Earlier I pulled together my extant metaposts that relate to litigation management (See my post of Oct. 2, 2008: 12 metaposts.) Here I add 10 other techniques available to general counsel that enhance their oversight and direction of litigation.
1. Staff your department with a litigation specialist and perhaps a team (See my post of Aug. 21, 2005: don’t hire a litigation manager; Feb. 9, 2008: don’t “manage” litigation, handle it; Feb. 26, 2008: litigation loads at Ford; Feb. 23, 2008: Affymetrix handles its own offensive litigation; May 1, 2005: should specialists handle lawsuits that arise from their work; Aug. 5, 2005: who should manage litigation; and Aug. 27, 2005: litigation staff as a proportion of law department staff.).
2. Use litigation paralegals (See my post of April 2, 2005: six metrics every litigation manager should implement; March 29, 2005: litigation costs and staff; and March 12, 2006: lawyers per paralegal by practice area.).
3. Draw on experienced ex-employees (See my post of Jan. 30, 2006: hire former employees to assist with major litigation.).
4. Say you are sorry to plaintiffs as you resolve cases (See my post of Feb. 7, 2006: apologies to plaintiffs.).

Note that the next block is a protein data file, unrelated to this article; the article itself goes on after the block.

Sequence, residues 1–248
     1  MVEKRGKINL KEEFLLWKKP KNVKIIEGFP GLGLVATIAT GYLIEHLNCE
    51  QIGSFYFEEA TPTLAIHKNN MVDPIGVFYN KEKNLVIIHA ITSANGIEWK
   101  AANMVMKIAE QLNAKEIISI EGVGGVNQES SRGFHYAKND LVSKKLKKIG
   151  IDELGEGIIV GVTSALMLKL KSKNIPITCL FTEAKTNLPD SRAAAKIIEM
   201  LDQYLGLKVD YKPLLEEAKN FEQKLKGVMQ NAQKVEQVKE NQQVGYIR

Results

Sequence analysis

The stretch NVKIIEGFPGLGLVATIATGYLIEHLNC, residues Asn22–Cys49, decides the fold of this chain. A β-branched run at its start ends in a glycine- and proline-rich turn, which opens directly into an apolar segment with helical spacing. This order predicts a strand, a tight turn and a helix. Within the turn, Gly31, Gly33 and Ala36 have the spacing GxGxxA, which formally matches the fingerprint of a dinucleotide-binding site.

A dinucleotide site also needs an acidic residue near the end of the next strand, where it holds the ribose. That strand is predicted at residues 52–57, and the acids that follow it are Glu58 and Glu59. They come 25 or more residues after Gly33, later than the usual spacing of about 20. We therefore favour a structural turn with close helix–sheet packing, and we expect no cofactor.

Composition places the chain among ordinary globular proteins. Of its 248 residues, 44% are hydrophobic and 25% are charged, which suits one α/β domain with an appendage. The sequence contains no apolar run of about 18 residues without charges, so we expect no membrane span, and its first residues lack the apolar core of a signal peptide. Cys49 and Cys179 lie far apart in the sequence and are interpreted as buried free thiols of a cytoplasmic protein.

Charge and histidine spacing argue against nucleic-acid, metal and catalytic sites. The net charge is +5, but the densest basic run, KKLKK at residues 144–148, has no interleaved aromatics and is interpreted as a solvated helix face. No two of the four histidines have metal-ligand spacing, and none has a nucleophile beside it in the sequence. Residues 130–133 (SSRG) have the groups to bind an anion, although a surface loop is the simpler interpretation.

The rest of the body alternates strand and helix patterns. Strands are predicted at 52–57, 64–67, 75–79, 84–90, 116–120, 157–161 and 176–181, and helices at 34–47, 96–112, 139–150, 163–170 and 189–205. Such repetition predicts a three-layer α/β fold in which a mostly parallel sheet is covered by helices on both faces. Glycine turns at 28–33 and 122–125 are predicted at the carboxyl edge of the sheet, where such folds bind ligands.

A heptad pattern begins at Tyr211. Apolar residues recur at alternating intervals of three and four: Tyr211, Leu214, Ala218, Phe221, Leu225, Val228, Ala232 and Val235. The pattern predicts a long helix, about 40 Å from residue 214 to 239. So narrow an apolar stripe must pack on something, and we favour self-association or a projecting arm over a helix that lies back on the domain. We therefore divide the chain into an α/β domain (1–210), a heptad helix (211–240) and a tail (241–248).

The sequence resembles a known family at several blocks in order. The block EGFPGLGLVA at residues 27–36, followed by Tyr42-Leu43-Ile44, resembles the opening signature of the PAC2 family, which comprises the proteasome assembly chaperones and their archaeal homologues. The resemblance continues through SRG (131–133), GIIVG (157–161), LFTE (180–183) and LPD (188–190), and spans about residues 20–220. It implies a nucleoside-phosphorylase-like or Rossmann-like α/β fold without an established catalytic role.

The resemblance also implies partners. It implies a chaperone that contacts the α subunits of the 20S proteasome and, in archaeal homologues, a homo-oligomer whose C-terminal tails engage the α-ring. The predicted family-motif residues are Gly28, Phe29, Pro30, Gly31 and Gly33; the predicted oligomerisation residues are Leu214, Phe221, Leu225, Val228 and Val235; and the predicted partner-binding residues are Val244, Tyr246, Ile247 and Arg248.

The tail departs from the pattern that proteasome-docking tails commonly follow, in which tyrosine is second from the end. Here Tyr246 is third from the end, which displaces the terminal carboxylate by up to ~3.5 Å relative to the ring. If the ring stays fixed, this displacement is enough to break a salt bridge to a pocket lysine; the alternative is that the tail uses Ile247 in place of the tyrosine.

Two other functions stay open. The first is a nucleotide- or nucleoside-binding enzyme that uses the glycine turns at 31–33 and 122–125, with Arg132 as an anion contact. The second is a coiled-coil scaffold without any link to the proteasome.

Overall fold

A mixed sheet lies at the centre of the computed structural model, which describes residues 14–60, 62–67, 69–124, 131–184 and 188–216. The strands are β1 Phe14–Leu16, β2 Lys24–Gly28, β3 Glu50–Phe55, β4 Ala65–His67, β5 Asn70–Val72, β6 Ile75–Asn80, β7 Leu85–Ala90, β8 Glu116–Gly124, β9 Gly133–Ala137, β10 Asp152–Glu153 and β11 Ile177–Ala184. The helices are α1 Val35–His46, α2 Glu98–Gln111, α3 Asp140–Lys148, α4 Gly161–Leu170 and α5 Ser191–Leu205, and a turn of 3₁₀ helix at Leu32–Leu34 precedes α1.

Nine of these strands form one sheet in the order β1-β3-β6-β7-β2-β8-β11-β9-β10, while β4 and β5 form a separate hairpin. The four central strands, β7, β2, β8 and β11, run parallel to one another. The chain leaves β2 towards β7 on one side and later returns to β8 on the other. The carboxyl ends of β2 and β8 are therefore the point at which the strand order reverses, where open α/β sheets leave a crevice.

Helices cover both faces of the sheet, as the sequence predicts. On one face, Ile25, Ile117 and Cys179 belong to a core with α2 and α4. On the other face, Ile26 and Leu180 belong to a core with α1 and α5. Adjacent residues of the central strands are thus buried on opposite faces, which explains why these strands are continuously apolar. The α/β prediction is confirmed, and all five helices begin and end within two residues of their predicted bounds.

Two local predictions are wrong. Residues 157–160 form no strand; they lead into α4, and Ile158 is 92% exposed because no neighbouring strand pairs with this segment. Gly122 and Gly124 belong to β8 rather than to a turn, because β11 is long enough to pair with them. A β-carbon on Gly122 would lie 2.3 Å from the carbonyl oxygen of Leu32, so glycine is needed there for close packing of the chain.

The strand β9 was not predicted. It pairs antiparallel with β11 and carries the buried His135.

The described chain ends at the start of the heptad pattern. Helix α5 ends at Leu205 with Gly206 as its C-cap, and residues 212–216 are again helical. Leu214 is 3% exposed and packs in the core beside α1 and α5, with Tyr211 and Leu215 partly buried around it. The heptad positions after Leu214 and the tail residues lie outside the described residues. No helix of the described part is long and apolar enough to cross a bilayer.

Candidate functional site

5. Resolve cases more quickly (See my post of March 5, 2008: litigation cycle time with 18 references; Aug. 5, 2008: GE’s savings.)
but also recognize that some cases do and should lie fallow (See my post of Oct. 25, 2007: dormant cases; April 17, 2007: inactive cases; and Aug. 1, 2006: dormancy as a performance metric.).
6. Bring in a business perspective and involve clients (See my post of May 30, 2005: educate clients about lawsuits; Jan. 30, 2006: ChevronTexaco practices; and Aug. 31, 2005: send hypothetical bills to clients.).
7. Retain settlement counsel parallel with litigation counsel (See my post of Oct. 20, 2005: a firm to pursue settlement; and July 21, 2006: team with resolution counsel.).
8. Improve planning and control through the use of project management software (See my post of Oct. 2, 2008: project management.).
9. Keep track of your caseload and other benchmarks. Metrics spawned by those who handle litigation are legion (See my post of Oct. 27, 2005: percentage of trials that go to verdict; Jan. 25, 2006: benchmark metrics; Oct. 25, 2006: litigation metrics; Jan. 25, 2006: lawsuits pending; May 31, 2005: Canadian caseloads per litigator; June 15, 2006: claims per lawsuit; Nov. 22, 2007: litigation loads; April 22, 2008: quantitative case analysis; June 11, 2008: employment litigation metrics; March 13, 2006: verdict and settlement database; and April 23, 2006: metrics on claims that result in litigation.).